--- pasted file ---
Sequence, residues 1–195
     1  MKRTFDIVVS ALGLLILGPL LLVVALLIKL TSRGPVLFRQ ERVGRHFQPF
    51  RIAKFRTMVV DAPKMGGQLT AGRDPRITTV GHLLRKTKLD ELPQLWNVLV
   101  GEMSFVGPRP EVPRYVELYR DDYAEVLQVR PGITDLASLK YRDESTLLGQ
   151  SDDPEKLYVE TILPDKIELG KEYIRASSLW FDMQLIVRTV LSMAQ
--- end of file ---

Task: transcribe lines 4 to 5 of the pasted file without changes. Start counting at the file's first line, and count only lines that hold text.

   101  GEMSFVGPRP EVPRYVELYR DDYAEVLQVR PGITDLASLK YRDESTLLGQ
   151  SDDPEKLYVE TILPDKIELG KEYIRASSLW FDMQLIVRTV LSMAQ